Asia

Vietnam: Facebook and Google ‘complicit’ in censorship

Facebook and Google have aided the Vietnamese government in censoring criticism and repressing dissent, says rights group Amnesty.

In a new report, the group accuses the tech giants of “far-reaching complicity” by blocking content deemed critical of authorities.

Vietnam’s authorities have a reputation for restricting freedom of speech.

In recent years several bloggers have been jailed for publishing articles critical of the Communist state.

“In the last decade, the right to freedom of expression flourished on Facebook and YouTube in Vietnam. More recently, however, authorities began focusing on peaceful online expression as an existential threat to the regime,” said Ming Yu Hah, Amnesty International’s deputy regional director for campaigns.

“Today these platforms have become hunting grounds for censors, military cyber-troops and state-sponsored trolls. The platforms themselves are not merely letting it happen – they’re increasingly complicit.”

Amnesty’s 78-page-report is based on dozens of interviews with human rights defenders and activists, including former prisoners of conscience, lawyers and writers.

The activists claim that their content posted on Facebook and YouTube, which is owned by Google, has been increasingly blocked in Vietnam.

In one instance, freelance journalist Truong Chau Huu Danh posted on Facebook about an alleged corruption scandal in Vietnam, but was later notified that his posts had been restricted in Vietnam due to “local legal restrictions”. He was not given any way to contest this, he said.

Facebook announced in April it would “significantly increase” compliance with Vietnamese government requests to take down content.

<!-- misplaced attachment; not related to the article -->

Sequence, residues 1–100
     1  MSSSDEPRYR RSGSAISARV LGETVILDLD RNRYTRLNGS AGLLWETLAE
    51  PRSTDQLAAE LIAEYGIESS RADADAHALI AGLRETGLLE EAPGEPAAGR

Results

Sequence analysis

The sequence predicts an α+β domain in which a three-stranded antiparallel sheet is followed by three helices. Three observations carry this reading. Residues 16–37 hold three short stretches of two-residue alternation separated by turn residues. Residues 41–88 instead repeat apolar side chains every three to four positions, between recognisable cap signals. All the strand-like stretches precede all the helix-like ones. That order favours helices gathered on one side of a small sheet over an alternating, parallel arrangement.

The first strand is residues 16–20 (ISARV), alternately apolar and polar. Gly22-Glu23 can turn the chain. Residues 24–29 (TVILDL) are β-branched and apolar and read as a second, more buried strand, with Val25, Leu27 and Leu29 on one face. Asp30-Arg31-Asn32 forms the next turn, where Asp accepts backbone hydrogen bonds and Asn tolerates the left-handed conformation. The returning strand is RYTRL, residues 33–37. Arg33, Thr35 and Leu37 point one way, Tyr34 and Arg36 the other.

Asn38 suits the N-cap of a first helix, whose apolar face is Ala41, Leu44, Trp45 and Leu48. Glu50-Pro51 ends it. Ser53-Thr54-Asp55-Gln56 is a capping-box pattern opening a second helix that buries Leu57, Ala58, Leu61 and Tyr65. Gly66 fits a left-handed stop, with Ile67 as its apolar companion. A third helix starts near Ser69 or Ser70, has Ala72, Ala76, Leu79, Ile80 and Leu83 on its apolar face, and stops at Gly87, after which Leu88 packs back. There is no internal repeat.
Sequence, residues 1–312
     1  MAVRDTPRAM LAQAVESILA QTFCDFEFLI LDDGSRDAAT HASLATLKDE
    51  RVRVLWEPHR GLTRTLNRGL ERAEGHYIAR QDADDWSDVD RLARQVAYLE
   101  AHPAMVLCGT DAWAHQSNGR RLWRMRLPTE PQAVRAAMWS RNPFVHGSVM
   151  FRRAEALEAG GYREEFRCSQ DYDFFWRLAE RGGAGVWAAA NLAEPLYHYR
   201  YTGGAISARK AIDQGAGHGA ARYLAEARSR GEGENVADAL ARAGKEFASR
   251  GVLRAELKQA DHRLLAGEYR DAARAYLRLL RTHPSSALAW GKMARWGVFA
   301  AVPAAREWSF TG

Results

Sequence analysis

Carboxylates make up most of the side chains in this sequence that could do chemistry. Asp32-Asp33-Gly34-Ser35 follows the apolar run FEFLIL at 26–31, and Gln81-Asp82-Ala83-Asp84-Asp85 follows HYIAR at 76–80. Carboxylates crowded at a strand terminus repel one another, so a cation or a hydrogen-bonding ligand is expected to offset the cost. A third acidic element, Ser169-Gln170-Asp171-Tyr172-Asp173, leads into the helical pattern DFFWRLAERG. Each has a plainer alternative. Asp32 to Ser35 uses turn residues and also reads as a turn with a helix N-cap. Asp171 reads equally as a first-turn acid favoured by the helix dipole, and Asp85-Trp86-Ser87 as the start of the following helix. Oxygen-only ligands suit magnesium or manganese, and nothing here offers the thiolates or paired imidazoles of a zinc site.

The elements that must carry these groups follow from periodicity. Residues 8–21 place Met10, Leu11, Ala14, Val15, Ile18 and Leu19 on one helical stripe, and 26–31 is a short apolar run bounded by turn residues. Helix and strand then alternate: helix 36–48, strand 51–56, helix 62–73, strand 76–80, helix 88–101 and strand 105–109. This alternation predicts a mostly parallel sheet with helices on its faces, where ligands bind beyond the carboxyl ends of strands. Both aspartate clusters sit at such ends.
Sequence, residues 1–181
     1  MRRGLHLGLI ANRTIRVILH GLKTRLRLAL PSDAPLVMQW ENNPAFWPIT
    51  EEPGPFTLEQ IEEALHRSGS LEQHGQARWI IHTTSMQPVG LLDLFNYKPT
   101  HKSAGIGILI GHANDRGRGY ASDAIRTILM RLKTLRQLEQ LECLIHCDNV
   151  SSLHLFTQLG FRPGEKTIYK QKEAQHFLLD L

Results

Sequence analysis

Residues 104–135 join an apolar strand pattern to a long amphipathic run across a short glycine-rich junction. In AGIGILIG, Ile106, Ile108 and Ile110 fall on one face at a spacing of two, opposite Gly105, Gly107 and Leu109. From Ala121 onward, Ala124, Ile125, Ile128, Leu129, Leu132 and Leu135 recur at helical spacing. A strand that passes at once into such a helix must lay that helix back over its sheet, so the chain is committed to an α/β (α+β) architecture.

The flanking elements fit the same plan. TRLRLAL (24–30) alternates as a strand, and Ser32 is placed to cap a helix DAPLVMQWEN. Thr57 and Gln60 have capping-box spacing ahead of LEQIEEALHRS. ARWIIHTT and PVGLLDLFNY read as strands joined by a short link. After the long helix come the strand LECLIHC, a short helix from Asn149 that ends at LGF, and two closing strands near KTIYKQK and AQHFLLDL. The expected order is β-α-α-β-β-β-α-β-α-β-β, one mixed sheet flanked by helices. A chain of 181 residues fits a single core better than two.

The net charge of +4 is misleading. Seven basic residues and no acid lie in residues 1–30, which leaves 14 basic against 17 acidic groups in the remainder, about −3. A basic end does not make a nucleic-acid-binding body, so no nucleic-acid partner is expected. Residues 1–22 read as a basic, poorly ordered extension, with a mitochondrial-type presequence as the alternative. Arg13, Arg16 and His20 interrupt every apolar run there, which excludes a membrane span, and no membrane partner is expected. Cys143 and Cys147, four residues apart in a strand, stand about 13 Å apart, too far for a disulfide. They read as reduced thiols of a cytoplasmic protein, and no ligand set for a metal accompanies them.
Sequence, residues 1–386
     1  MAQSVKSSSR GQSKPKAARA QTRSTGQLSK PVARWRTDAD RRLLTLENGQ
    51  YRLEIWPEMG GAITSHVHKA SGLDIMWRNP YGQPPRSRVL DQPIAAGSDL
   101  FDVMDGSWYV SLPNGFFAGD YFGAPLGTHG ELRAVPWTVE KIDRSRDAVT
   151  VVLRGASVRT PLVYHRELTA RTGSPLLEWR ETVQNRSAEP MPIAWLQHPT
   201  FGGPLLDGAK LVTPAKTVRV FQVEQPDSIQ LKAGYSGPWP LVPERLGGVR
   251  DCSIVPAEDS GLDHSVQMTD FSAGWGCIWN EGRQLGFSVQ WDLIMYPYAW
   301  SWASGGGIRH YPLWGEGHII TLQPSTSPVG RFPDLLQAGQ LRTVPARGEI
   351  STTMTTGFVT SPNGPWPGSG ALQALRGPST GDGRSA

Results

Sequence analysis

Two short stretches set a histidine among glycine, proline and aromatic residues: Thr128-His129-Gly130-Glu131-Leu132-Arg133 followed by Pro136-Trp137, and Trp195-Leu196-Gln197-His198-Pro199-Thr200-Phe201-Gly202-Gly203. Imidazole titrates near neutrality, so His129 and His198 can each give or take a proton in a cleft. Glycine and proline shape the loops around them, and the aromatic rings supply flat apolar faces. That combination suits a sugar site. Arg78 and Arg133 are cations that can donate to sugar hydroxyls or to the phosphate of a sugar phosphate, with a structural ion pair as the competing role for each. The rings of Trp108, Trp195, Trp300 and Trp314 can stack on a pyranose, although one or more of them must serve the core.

Since then, the number of times the social media platform has restricted content in Vietnam has gone up by 983% , from 77 in the second half of 2019 to 834 in the first half of 2020, according to the company’s latest Transparency Report.

Similarly, Google received 74 requests to remove “government criticism” in the second half of 2019, up from 44 in the first half of the year, said Amnesty. This included a request to remove over 3,000 YouTube videos that criticised the party and government.

The rights group also noted that a military unit of “cyber-troops” and “troll armies” of Communist Party volunteers were actively harassing human rights activists on social media platforms.

Amnesty estimates there are 170 prisoners of conscience in Vietnam, of which 69 were in jail “solely for their society media activity”.

Vietnam is one of the biggest markets in South East Asia for tech firms.

In 2018, Facebook’s revenue from Vietnam was nearly $1bn (£750m) – almost one third of its revenue from South East Asia – according to industry estimates quoted by Amnesty. Google is said to have earned $475m during the same period, primarily from YouTube advertising.

Vietnam has never banned social media companies, but in April this year, two sources at Facebook told news agency Reuters that their local servers were taken offline until they agreed to significantly increase the censorship of “anti-state” posts for local users.

A Facebook spokesperson told the BBC: “We don’t always see eye to eye with governments on issues like speech and expression, including in Vietnam, but we work hard to defend this right around the world.

“Over the past few months, we’ve faced additional pressure from the government of Vietnam to restrict more content, however, we will do everything we can to ensure that our services remain available so people can continue to express themselves.”

Google said in a statement to Amnesty that it took the “least restrictive approach to removal by blocking [content] in the relevant jurisdiction, while still making it available in other jurisdictions globally”.

 

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